Imperial College will not seek either government or European funding for its Wye Park ‘vision’ because it wants to retain complete control over the project if it goes ahead.
Sir Richard Sykes, Imperial’s rector, made the admission at the May 23 lunch held at County Hall, which was organised by KCC leader Paul Carter. The get-together replaced a lunch organised by the Lord Lieutenant, Alan Willett, which was cancelled after publicity on save-wye.org.
The lunch was attended by, among others, Sir Richard; his deputy Prof Sir Leszek Borysiewicz; Ashford council leader Paul Clokie; Wye borough councillor Ian Cooling; Wye county councillor Charles Findlay; CPRE Kent director Dr Hilary Newport; and former KCC leader Lord Bruce-Lockhart.
The admission that Imperial is not trying to get external funding for Wye Park confirms that it will seek to build hundreds, possibly thousands, of houses on the Kent Downs Area of Outstanding Natural Beauty in direct contravention of national planning policy. Perhaps surprisingly given the public pronouncements over Imperial’s proposals, there was broad agreement among the guests at the lunch — with one notable exception — that Imperial’s plans were to be welcomed including the enabling housing development on greenfield sites.
Sir Richard said that Imperial must retain control of the development. If the Government or the EU contributed significant amounts of money, he said, they would want significant control in return and may insist that the project is sited somewhere else entirely. The admission raises suspicions that Imperial is primarily interested in raising large sums of money from speculative housing development to replenish its depleted cash reserves after a string of expensive projects in London.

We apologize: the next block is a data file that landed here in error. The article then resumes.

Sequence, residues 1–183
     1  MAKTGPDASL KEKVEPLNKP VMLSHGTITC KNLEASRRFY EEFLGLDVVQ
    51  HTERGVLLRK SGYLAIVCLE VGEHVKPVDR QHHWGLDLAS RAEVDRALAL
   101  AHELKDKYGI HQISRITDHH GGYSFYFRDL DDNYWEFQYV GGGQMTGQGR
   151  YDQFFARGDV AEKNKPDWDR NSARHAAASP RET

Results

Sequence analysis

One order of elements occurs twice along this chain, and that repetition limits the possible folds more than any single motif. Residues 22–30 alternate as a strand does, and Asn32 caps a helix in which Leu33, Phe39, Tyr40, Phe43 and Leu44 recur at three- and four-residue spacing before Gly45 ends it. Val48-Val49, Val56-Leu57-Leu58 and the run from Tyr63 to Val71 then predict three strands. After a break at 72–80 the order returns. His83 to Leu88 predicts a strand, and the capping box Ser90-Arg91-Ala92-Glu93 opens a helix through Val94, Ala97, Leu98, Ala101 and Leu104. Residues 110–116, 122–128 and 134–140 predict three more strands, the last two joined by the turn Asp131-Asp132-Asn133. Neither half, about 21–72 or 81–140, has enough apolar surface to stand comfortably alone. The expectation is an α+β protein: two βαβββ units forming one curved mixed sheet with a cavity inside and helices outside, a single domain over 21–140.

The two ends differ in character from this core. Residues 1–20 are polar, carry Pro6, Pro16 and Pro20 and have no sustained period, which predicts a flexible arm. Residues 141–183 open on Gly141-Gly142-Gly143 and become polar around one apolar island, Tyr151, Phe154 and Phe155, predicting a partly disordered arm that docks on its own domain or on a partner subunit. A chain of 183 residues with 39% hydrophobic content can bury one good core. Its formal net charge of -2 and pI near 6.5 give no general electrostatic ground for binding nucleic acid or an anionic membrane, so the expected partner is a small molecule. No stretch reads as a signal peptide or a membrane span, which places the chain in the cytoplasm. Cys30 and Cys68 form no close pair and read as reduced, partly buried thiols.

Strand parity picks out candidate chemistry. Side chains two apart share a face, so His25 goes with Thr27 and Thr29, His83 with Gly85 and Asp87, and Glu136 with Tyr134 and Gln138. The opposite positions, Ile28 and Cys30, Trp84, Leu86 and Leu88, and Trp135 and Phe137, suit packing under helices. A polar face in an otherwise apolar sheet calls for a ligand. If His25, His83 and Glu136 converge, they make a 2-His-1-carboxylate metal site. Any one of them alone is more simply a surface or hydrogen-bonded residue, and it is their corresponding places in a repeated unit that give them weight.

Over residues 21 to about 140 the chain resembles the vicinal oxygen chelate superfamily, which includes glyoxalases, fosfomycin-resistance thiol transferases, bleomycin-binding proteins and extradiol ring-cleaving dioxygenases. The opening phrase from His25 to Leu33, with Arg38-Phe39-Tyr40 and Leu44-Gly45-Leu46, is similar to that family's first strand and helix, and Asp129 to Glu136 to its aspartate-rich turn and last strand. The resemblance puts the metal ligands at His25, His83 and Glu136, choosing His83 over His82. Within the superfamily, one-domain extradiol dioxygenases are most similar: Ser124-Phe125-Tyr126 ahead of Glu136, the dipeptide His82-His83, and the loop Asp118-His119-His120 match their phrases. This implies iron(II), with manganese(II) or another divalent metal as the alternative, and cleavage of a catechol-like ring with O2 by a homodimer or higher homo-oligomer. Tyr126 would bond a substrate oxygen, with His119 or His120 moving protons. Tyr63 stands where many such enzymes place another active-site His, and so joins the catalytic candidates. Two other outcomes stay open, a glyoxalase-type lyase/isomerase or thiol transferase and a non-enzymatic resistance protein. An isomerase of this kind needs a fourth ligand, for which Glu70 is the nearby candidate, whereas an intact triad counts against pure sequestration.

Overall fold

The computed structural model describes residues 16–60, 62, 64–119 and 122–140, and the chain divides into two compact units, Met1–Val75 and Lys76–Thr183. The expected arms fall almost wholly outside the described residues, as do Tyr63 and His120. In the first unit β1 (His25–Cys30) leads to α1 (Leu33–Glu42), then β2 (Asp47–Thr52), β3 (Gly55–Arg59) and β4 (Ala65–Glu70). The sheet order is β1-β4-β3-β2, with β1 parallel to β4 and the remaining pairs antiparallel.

Sir Richard and Prof Sir Leszek were told by some of the guests that the overwhelming majority of people in Wye and surrounding villages are in favour of the scheme. They were also told that Wye Future Group is a vocal minority made up of ‘middle class nimbies’ who can safely be ignored, that save-wye.org is, in the main, riddled with inaccuracies and is run by ‘a couple of amateurs’ and that Wye Parish Council is ‘floundering around’ with no clear idea of what it is doing.
Imperial’s leaders were also told that the first ‘community workshop’ run by architects Skidmore, Owings and Merrill earlier in the same month had been dominated by the vocal ‘minority’. The views expressed there — that Wye’s relative isolation because of poor road links and the long waits at the level crossing were things worth preserving — were ‘nonsense’ and that sorting out transport had been a priority long before Imperial had persuaded KCC and Ashford to sign two ‘concordats’.
The only criticism levelled at Sir Richard and Prof Sir Leszek was that the college had been far too sparing with detailed information and was, as a result, fuelling rumour and cynicism. Most of the guests felt that the majority of people in Wye would come out in support of Imperial when it gives out more detailed information.